Still important in 2013: Fly your flag for American labor today.
“Free Labor Will Win,” the poster said, encouraging a theme important during World War II, when unions were encouraged to avoid strikes or any action that might interrupt work to build the “arsenal of democracy” believed necessary to win the war. Labor complied, the war was won, and organized labor was the stronger for it. In 2012, some have difficulty remembering when all Americans knew that our future rides on the backs of organized labor.
The poster was issued by the Office of War Information in 1942, in full color. A black-and-white version at the Library of Congress provides a few details for the time:
Labor Day poster. Labor Day poster distributed to war plants and labor organizations. The original is twenty-eight and one-half inches by forty inches and is printed in full color. It was designed by the Office of War Information (OWI) from a photograph especially arranged by Anton Bruehl, well-known photographer. Copies may be obtained by writing the Distribution Section, Office of War Information [alas, you can't get a copy from the Office of War Information in 2012]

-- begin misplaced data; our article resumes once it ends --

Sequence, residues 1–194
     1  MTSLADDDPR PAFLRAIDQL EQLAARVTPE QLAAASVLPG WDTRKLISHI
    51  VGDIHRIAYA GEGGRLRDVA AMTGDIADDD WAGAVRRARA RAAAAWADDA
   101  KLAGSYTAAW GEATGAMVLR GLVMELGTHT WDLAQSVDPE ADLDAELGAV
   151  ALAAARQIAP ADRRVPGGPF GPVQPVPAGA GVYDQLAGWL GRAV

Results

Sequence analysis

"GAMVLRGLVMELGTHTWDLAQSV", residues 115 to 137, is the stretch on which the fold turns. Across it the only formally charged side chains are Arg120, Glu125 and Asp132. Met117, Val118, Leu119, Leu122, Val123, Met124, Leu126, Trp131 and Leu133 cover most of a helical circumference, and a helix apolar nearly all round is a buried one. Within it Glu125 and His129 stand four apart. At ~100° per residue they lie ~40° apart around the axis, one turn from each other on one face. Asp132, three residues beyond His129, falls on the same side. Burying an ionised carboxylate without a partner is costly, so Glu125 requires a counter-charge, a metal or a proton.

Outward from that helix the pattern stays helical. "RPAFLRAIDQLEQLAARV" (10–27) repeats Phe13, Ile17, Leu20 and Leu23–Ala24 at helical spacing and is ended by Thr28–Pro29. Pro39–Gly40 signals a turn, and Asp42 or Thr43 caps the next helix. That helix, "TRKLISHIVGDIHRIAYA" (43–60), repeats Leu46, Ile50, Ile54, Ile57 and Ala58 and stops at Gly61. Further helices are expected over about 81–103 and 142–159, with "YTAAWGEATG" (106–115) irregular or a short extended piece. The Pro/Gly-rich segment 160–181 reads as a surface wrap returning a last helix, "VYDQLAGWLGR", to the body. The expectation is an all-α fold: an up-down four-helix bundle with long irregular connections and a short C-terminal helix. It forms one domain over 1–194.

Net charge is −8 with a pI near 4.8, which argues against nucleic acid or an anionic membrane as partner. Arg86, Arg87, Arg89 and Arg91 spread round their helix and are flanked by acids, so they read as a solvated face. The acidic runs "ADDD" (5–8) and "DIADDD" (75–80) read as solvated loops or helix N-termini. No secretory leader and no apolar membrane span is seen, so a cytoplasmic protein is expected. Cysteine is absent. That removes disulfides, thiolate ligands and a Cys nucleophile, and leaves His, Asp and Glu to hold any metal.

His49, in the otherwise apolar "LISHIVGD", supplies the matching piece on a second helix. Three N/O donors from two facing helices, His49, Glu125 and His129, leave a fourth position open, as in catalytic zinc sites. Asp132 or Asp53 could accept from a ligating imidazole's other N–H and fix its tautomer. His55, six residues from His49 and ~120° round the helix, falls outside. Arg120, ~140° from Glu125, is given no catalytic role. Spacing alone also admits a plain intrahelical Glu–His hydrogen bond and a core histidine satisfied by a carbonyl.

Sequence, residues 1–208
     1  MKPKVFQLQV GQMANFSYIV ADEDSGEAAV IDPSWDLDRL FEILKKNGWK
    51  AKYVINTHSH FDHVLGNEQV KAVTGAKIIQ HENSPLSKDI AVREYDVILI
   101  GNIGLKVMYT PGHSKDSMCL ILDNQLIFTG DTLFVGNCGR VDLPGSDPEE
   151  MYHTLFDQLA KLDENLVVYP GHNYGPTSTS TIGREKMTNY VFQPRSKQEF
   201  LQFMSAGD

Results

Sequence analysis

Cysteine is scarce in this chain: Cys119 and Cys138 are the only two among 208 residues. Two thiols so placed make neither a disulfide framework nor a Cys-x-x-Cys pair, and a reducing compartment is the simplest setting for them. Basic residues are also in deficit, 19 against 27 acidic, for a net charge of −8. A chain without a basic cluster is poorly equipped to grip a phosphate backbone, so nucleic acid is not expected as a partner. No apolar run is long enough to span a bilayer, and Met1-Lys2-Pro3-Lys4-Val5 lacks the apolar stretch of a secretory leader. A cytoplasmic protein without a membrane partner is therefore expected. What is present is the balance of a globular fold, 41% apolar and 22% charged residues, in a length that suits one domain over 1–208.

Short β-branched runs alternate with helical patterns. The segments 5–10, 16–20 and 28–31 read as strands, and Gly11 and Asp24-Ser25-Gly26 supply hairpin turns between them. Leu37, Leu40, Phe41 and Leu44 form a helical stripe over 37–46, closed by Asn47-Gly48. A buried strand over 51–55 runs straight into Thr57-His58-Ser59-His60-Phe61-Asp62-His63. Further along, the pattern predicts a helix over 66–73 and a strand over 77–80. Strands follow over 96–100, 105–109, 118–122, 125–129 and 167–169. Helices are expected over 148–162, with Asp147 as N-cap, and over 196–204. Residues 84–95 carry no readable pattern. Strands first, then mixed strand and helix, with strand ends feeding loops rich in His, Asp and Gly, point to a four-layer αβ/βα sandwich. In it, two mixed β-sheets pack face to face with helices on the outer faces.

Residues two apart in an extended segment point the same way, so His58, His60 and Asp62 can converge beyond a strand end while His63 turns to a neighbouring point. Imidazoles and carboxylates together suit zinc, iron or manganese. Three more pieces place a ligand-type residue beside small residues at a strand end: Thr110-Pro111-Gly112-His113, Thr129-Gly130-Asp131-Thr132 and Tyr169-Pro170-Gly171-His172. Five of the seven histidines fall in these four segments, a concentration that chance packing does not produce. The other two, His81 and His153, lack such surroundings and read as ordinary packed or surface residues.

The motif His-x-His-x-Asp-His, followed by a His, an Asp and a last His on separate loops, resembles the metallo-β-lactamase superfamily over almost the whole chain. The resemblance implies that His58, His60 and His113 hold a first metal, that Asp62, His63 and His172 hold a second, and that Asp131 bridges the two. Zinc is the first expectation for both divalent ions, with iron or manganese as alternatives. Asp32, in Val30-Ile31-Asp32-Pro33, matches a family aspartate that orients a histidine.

Even down here in deepest, darkest-right-to-work Texas, patriots fly their flags to honor Labor today. It’s heartening.
More, Other Resources:
- History of Labor Day from the U.S. Department of Labor
- Unions put the “labor” in Labor Day. (unionspeak.wordpress.com)
- The arts of Labor Day (wagingnonviolence.org)
- Biden to speak in Detroit on Labor Day (wxyz.com)
- At Millard Fillmore’s Bathtub:
- While you’re celebrating Labor Day . . .
- Labor Day History
- “Here’s to the troublemakers” letter from Linda Chavez-Thompson
- Remembering Labor on Labor Day (with information about the GM sit-down strike)
- Quote of the moment: Abraham Lincoln, labor is the superior to capital
- There once was a Union Maid
- Erie County to Participate in Statewide STOP-DWI Labor Day Crackdown Enforcement Effort (wkbw.com)
- Labor Day in Canada
- Outstanding lesson plans on Labor Day (and labor, generally) from PBS NewsHour (this stuff is good — check it out even if you’re not a teacher)